The Looking Glass War by John Le Carre
(BBC Radio Full-Cast Dramatization)

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Synopsis

John le Carré's classic novels deftly navigate readers through the intricate shadow worlds of international espionage with unsurpassed skill and knowledge, and have earned him unprecedented worldwide acclaim. THE LOOKING GLASS WAR Once upon a time the distinction had been clear: the Circus handled all things political while the Department dealt with matters military. But over the years, power shifted and the Circus elbowed the Department out. Now, suddenly, the Department has a job on its hands. Evidence suggests Soviet missiles are being positioned close to the German border. Vital film is missing and a courier is dead. Lacking active agents, but possessed of an outdated mandate to proceed, the Department has to find an old hand to prove its mettle. Fred Leiser, German-speaking Pole turned Englishman -- once a qualified radio operator, now involved in the motor trade -- must be called back to the colors and sent East....
 

About John Le Carre

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David John Moore Cornwell writes bestselling espionage thrillers under the pseudonym John le Carré. The pseudonym was necessary when he began writing, in the early 1960s because, at that time, he held a diplomatic position with the British Foreign Office and was not allowed to publish under his own name. Originally inspired to write intrigue because of a 1950s scandal that revealed several highly placed members of the British Foreign Office and Secret Service to be Soviet agents, or "moles," the plots of most of le Carré's books revolve around Cold War espionage. His own position with the Foreign Office, as well as his earlier service with the British Army Intelligence Corps, gave him an intimate knowledge of Britain's espionage bureaucracy and of Cold War politics. When his third book, The Spy Who Came in from the Cold, became a worldwide bestseller in 1964, le Carré left the foreign service to write full time. The Spy Who Came in from the Cold, which was also adapted to film, featured spymaster George Smiley, who was introduced in le Carré's first book, Call for the Dead (published in the U.S. as The Deadly Affair) and also appears in A Murder of Quality; Tinker, Tailor, Soldier, Spy; The Honourable Schoolboy; and Smiley's People. Le Carré has received numerous awards for his writing, including the Grand Master Award from the Mystery Writers of America (1986), and the Diamond Dagger from the Crime Writers Association (1988). In addition to The Spy Who Came in from the Cold, several of his other books have been adapted for television and motion pictures, including The Russia House, a 1990 film starring Sean Connery and Michelle Pfeiffer, and 2005's The Constant Gardener. Le Carré was born in Poole, Dorsetshire, England in 1931. He attended Bern University in Switzerland from 1948-49 and later completed a B.A. at Lincoln College, Oxford. He taught at Eton from 1956-58 and was a member of the British Foreign Service from 1959 to 1964.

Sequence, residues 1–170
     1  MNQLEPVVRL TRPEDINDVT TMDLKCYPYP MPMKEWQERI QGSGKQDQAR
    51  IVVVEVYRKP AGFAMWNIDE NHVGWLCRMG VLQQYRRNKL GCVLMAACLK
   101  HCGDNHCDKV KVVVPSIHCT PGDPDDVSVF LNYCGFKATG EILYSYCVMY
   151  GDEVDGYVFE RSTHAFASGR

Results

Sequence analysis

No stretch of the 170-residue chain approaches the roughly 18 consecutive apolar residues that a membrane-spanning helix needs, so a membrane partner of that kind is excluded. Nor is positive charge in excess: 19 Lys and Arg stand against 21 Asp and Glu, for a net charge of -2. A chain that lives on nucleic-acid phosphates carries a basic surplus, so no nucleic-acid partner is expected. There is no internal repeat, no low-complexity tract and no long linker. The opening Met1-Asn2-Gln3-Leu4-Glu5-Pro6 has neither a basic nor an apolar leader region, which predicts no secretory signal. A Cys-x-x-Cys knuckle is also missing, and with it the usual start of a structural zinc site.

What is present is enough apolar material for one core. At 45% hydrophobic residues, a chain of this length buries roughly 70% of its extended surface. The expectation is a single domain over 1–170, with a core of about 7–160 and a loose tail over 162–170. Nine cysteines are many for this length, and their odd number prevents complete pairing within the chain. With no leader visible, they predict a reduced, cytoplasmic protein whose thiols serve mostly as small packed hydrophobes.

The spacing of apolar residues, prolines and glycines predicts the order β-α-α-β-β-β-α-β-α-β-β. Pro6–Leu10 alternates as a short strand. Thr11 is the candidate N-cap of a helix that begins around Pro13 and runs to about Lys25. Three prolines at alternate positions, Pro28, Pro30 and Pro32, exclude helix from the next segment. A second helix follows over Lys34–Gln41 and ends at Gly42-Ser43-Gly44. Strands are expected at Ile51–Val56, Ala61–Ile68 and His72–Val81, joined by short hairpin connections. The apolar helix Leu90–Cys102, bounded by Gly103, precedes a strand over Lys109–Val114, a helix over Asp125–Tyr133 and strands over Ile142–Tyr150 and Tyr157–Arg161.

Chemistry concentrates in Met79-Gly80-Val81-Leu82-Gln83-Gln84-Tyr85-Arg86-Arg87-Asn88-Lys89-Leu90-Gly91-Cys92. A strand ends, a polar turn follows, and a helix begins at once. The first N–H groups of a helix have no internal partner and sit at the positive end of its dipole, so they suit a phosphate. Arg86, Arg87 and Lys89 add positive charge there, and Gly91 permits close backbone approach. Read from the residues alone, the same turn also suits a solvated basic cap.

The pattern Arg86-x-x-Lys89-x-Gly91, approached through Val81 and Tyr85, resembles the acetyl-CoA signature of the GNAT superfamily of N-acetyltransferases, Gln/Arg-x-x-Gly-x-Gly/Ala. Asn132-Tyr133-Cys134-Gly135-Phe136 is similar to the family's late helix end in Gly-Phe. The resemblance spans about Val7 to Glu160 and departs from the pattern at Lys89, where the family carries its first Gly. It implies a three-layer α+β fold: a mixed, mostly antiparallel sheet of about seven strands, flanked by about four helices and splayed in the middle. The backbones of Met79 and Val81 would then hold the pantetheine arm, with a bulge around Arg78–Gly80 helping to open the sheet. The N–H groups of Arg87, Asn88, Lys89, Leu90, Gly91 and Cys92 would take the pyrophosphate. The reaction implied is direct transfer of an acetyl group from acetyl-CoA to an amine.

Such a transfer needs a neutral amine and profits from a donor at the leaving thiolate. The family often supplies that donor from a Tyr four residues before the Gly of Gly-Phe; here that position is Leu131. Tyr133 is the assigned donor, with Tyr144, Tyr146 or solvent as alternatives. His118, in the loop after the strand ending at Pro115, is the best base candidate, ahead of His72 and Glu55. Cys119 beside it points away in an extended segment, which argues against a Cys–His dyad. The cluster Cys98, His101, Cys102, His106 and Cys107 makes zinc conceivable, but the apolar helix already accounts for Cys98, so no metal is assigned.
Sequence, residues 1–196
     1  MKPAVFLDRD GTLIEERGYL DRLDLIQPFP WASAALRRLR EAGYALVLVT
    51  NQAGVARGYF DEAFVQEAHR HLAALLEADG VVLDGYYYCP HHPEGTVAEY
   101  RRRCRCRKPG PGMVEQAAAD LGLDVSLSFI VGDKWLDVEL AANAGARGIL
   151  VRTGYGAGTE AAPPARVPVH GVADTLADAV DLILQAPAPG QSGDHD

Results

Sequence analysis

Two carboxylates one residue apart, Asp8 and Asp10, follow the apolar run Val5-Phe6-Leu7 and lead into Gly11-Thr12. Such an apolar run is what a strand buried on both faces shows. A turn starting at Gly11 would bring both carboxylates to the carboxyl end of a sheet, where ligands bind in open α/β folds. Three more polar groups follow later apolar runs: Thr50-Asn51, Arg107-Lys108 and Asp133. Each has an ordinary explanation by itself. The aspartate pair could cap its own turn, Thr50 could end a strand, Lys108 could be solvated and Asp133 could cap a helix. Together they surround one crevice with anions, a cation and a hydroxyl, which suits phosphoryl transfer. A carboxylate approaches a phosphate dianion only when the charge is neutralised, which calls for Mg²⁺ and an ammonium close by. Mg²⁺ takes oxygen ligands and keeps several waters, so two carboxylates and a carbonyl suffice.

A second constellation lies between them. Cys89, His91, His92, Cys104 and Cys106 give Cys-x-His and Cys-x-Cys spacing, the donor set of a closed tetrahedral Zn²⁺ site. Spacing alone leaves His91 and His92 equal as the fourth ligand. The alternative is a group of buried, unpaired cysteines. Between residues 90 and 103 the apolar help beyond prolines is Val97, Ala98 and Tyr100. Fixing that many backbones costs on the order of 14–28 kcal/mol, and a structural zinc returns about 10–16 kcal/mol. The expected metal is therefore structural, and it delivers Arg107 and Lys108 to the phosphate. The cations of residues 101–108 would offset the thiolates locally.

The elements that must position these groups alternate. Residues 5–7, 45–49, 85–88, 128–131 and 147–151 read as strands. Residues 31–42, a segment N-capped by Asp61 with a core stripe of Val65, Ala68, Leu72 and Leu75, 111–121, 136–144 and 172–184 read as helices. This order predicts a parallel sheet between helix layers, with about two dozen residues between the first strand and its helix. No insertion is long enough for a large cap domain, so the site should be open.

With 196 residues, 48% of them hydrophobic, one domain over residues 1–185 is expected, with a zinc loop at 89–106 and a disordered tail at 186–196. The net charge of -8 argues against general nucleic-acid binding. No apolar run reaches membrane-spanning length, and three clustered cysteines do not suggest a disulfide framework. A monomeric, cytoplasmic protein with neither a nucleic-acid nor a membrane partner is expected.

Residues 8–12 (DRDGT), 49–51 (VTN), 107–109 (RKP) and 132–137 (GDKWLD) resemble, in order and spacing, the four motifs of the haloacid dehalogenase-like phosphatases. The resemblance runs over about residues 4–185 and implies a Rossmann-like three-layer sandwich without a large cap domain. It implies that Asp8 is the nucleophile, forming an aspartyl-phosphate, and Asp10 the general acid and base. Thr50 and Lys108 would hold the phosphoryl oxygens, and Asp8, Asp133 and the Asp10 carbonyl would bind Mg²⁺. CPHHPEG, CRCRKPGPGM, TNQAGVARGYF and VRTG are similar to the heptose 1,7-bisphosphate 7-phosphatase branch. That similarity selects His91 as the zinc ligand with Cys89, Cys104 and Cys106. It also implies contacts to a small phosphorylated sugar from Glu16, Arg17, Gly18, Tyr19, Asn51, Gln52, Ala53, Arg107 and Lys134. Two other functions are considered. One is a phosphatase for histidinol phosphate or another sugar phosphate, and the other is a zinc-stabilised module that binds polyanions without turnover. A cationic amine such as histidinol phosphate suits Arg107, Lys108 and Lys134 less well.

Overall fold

Published June 1, 1965 by Putnam Pub Group (T).
Genres: Mystery, Thriller & Suspense, Literature & Fiction, Action & Adventure, Education & Reference, Arts & Photography. Fiction

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